Interviews where books by Leo Tolstoy were recommended
If killing is wrong, how can going to war be justified? Is it always wrong to kill civilians? If a Nazi soldier were billeted in your home, should you respond when he greets you? Philosopher Cécile Fabre chooses Five Books that help explore the profound ethical dilemmas of war.
War writing extends to all sorts of genres, including blogs and Twitter. Oxford University’s Professor Kate McLoughlin, author of Authoring War: The Literary Representation of War from the Iliad to Iraq recommends some of her favourite books of war writing.
Harvard historian Niall Ferguson tells us about the diverse influences on his work, from Keynes and Tolstoy to an Austrian satirist. He explains how he prefers a philosophy of history that emphasises the contingent and the chaotic, rather than the neatly predictable.
'Anarchism', in the Encyclopaedia Britannica
by Peter Kropotkin
Gates of Freedom: Voltairine de Cleyre and the Revolution of the Mind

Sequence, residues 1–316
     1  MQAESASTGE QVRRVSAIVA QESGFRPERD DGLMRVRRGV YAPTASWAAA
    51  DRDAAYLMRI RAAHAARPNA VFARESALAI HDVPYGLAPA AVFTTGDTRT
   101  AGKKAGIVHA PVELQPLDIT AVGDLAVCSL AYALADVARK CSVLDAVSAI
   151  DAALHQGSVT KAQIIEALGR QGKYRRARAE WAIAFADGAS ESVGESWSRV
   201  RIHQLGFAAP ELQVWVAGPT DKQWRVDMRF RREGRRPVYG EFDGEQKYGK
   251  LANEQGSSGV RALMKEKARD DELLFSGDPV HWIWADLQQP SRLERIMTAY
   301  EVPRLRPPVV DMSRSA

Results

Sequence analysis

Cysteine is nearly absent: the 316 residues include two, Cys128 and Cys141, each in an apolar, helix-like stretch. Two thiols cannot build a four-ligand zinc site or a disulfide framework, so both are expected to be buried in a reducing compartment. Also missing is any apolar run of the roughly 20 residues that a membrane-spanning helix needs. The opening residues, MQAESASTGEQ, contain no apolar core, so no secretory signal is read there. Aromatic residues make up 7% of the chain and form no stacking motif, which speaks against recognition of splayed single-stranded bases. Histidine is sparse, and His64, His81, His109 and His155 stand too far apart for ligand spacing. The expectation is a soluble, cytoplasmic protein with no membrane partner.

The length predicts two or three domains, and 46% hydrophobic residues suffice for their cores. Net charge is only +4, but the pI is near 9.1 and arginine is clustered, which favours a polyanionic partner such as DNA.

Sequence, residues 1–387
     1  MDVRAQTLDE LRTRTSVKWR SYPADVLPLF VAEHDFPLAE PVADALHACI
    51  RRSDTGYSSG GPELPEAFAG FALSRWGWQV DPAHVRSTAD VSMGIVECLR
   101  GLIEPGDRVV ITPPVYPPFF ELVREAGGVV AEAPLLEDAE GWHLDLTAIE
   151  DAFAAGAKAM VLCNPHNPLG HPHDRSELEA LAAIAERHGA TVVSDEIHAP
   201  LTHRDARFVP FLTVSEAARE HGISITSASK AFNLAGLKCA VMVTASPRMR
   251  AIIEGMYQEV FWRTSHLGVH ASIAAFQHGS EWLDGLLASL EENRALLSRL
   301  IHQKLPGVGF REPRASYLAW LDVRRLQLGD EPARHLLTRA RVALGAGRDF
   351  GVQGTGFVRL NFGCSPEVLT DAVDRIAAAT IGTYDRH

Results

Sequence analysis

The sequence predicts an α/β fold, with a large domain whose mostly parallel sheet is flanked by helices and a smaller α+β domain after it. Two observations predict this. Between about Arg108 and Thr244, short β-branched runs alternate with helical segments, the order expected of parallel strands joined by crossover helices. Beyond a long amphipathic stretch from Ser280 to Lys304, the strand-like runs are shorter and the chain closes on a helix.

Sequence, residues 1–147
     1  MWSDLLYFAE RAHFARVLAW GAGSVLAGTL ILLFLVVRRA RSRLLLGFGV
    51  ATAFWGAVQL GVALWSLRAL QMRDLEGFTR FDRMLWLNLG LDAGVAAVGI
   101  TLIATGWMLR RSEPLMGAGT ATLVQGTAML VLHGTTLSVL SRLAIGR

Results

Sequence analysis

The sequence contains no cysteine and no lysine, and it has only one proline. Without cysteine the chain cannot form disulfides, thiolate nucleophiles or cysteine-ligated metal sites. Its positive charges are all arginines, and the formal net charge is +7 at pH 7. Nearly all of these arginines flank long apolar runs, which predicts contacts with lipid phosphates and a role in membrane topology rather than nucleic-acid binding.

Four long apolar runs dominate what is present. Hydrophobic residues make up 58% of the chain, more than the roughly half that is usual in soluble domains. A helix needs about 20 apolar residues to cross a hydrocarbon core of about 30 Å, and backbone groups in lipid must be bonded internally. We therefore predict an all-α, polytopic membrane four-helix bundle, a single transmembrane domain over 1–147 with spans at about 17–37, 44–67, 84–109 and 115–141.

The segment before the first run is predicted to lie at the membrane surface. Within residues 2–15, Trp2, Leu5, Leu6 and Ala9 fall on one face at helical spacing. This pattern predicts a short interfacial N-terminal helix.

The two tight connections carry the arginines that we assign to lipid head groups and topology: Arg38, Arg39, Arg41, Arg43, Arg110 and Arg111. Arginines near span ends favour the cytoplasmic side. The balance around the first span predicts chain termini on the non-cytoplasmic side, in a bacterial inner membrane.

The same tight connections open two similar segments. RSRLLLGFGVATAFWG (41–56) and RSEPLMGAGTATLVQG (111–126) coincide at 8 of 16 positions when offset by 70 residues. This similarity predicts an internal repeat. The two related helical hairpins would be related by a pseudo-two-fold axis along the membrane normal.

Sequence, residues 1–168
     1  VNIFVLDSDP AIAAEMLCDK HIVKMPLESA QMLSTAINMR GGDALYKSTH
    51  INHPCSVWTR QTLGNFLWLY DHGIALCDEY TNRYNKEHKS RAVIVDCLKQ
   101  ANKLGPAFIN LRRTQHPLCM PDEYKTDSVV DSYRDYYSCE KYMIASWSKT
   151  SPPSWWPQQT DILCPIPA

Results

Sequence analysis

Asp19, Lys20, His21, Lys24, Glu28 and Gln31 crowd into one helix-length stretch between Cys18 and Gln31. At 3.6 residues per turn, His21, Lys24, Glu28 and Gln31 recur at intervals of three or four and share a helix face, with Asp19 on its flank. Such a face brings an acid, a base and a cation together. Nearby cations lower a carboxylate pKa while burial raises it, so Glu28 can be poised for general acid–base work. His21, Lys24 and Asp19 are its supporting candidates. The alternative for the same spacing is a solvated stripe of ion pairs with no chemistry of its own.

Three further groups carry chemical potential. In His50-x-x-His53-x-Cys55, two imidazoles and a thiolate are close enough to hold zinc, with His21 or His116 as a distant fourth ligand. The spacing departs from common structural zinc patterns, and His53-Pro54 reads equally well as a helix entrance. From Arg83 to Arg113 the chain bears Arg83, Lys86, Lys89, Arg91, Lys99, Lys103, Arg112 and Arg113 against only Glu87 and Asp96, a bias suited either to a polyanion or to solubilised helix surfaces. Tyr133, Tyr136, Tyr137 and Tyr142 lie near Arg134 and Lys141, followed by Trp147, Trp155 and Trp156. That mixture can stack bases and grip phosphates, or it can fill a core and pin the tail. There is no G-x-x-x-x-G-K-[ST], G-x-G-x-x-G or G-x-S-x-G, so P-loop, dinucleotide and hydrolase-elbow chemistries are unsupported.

by Eugenia C. DeLamotte
The Slavery of Our Times
by Leo Tolstoy
Autonomy, Solidarity, Possibility: The Colin Ward Reader
by Chris Wilbert, Colin Ward & Damian F. White
Anarchism and Syndicalism in the Colonial and Postcolonial World, 1870-1940
by Lucien van der Walt & Steven Hirsch
Sometimes vilified, often misunderstood, rarely taught in universities, anarchism is a political philosophy and social movement that’s far removed from today’s mainstream politics. But it was and remains a powerful motivator. Political theorist Ruth Kinna talks us through the best books to read to get a better understanding of anarchism.